"Your adversary"—Gr. Antidikos signifies an opponent at law. There were many prepared to hail Christians before the courts, even as Paul had done before conversion. With the hardening attitude of Rome towards Christians the danger was about to grow.
"The devil"—The adversary, the false accuser. Like Christ before the Jewish authorities, many Christians were hailed before the courts and falsely accused of crimes they never committed. Nero himself made false accusations against Christians and ordered their deaths.
"As a roaring lion"—The adversary is likened to a hungry, ferocious beast, seeking prey (see 2 Tim. 4:17; Ps. 22:12-13.21).
"Walketh about, seeking whom he may devour" — The figure is that of a hungry, roaring lion stalking his prey. It is an apt illustration of the ferocity of Rome against the Christians in the days of Nero, and of the Roman Catholic Church in its persecuting fervour during the fulness of its power.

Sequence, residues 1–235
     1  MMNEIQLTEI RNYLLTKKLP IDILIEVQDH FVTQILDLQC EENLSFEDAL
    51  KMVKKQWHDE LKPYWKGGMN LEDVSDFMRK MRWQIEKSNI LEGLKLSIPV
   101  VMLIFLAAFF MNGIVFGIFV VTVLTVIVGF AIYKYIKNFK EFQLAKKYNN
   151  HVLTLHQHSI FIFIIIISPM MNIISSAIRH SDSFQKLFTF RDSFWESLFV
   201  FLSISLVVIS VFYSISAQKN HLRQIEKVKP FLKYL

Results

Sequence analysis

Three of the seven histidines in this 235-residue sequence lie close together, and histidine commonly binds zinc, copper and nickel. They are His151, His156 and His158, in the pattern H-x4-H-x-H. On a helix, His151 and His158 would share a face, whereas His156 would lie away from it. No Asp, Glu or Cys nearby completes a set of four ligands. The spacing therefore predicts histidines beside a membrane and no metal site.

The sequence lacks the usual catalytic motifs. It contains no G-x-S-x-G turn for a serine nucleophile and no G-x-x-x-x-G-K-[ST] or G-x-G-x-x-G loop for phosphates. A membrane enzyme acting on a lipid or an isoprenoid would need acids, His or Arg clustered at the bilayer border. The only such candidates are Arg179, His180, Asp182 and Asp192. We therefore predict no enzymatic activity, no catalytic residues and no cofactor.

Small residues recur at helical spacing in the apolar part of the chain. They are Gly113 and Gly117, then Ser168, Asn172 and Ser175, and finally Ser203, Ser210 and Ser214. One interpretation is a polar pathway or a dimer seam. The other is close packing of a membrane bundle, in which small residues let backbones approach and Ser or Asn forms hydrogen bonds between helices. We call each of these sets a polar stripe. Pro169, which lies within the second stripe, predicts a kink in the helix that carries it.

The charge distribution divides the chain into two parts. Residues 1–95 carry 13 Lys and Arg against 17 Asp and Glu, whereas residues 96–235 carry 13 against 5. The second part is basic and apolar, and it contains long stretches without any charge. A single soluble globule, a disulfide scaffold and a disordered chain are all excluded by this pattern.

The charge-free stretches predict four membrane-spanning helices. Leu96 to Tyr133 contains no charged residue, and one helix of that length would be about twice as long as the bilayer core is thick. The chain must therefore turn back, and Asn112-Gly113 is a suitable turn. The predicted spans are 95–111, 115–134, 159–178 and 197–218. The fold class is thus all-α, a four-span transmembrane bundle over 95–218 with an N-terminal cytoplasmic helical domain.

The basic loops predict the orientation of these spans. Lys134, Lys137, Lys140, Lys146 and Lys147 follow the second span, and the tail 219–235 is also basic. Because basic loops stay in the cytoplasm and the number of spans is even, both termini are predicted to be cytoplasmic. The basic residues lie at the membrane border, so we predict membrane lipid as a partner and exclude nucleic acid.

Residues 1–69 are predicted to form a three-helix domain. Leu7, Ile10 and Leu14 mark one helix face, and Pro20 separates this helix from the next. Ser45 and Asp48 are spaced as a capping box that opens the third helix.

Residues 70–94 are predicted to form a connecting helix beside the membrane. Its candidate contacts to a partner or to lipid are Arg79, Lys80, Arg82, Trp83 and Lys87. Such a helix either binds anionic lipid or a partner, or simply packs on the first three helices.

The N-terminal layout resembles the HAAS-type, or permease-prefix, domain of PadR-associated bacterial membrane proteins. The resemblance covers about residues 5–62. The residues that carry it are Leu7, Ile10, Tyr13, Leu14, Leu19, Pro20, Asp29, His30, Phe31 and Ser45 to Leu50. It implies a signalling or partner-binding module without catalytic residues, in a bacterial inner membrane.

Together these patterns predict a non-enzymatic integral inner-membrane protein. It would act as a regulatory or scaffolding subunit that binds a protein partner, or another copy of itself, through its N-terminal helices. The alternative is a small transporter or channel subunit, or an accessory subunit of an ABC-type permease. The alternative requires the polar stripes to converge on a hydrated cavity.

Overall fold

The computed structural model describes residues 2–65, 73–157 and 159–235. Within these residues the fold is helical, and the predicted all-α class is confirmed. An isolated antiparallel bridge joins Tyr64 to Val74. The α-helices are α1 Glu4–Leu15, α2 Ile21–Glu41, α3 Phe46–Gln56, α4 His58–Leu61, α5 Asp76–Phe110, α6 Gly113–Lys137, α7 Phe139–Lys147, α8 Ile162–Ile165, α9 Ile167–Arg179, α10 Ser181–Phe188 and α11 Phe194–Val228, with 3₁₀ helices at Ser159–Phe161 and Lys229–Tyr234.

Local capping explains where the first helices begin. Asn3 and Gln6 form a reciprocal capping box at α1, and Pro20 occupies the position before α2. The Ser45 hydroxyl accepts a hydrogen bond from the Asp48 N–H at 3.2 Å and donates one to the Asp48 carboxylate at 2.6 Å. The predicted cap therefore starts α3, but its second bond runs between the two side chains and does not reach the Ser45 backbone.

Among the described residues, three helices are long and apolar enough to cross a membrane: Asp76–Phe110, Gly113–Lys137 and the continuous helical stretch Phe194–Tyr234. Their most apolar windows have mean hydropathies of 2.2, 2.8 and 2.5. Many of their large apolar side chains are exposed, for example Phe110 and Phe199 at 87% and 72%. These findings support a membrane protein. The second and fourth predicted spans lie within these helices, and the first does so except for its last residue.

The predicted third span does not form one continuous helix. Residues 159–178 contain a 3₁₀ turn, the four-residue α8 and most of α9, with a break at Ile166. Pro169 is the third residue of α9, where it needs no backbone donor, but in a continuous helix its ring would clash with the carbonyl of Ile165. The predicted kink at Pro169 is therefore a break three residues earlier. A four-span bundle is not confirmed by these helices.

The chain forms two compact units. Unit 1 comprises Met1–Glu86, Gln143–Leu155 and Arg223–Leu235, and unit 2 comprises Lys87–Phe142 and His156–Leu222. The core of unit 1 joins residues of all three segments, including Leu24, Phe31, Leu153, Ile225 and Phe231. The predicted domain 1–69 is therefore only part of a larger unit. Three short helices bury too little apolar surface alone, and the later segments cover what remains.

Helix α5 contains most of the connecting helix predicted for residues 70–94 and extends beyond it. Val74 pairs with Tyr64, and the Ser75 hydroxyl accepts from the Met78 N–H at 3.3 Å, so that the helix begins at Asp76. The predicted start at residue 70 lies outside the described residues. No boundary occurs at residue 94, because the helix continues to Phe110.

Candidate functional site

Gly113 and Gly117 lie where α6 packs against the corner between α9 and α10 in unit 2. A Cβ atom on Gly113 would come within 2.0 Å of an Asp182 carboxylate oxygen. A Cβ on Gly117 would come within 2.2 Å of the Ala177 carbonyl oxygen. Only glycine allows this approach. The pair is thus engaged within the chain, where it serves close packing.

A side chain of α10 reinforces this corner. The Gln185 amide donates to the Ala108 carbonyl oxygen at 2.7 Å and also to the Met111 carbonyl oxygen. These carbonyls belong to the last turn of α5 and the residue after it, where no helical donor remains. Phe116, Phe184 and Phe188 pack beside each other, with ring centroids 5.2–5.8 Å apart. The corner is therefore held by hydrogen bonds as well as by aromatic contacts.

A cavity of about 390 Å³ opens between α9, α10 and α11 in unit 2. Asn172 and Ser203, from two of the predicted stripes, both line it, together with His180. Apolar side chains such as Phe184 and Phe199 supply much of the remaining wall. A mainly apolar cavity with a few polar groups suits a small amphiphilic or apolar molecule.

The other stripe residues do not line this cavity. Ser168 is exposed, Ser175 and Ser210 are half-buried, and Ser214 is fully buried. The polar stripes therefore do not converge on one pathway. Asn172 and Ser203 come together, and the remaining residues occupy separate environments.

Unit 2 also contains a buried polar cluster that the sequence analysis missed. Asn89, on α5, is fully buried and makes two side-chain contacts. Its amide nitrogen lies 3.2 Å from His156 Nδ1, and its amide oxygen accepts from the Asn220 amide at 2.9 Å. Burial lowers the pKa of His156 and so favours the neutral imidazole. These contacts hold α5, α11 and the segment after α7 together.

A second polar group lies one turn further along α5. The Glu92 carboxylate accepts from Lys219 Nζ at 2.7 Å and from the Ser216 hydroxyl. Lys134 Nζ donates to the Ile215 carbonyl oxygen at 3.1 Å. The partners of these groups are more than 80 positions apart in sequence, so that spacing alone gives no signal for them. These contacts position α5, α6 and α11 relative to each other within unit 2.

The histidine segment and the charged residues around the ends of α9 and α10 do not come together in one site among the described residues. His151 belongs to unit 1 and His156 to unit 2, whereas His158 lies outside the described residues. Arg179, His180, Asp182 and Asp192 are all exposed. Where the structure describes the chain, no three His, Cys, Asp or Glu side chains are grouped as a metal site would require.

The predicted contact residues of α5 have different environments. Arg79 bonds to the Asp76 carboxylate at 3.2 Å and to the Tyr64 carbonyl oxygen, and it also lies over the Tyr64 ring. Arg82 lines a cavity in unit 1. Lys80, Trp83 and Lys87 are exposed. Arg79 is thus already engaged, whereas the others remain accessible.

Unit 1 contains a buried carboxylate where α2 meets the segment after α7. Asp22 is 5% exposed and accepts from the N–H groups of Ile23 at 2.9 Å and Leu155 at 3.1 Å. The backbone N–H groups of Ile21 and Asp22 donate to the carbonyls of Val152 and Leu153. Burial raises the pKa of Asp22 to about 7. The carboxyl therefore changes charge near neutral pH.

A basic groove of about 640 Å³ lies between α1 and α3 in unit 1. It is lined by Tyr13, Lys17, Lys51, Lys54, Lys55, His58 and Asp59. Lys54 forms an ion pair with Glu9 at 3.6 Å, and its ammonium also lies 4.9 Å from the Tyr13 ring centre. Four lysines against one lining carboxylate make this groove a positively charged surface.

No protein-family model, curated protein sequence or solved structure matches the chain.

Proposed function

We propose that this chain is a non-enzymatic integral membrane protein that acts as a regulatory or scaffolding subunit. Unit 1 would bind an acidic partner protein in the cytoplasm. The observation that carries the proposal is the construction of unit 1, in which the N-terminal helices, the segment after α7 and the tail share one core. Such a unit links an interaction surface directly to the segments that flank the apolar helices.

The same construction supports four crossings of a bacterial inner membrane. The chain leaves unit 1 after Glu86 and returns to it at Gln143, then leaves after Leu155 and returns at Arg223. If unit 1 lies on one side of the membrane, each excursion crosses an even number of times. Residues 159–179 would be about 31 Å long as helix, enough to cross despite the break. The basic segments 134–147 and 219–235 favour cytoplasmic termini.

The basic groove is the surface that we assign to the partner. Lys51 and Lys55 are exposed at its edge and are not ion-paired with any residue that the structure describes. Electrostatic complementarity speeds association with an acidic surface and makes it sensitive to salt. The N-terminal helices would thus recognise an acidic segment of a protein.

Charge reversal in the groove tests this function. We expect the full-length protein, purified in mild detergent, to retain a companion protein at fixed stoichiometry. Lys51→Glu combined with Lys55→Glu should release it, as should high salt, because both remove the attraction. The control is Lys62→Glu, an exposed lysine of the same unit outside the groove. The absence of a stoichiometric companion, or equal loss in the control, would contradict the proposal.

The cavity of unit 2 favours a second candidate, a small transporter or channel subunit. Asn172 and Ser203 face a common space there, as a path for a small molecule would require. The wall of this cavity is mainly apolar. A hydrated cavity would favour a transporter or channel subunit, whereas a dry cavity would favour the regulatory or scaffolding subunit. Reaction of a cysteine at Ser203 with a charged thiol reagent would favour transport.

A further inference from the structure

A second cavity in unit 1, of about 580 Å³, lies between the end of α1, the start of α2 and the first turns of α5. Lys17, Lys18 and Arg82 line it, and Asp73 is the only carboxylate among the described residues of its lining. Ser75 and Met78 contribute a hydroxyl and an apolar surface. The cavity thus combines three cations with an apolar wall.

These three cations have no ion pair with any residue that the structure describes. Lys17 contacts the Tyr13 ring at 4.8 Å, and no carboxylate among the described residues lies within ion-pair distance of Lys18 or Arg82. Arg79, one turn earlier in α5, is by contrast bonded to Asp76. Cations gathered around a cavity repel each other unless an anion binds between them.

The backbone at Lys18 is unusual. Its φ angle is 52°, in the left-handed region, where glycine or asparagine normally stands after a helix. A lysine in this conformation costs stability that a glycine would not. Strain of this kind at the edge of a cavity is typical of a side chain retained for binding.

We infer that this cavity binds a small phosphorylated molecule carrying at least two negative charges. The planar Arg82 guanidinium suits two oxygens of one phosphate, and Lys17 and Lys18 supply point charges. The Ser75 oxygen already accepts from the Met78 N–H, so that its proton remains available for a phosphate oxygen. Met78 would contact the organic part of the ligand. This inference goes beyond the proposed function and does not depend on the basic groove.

"Whom resist steadfast" — Gr. Stereos = "inflexible, hard, firm, solid, immovable"—like the closed up ranks of defensive infantry, cooperating one with the other, and with determined countenance facing the enemy (see 2 Tim. 2:3).
"In the faith" — It is faith that will win the victory in such circumstances, because faith sees beyond this life to that which is to be revealed. See notes 1 John 5:4.
"The same afflictions are accomplished in your brethren that are in the world"—These brethren in the world were the Jews who were likewise subject to persecution, particularly after A.D. 70, but who had not the advantage' of the defence of faith (Rom. 9:3, same word).
"But the God of all grace" — This is. the same God as is described as "Mighty" in v. 6, and Who is capable of resisting the proud, and giving grace to the humble (v. 5). He is the God of "all grace" for "every good and perfect gift" cometh from Him (James 1:17). Among the gifts He can grant is the strength to rise above every problem, every difficulty. This Paul learned when he was taught that the divine grace is all-sufficient for every need, so that His strength "is made perfect in weakness" (2 Cor. 12:7-9). The greatest gift of grace, of course, will be the bestowal of life eternal in the age to come.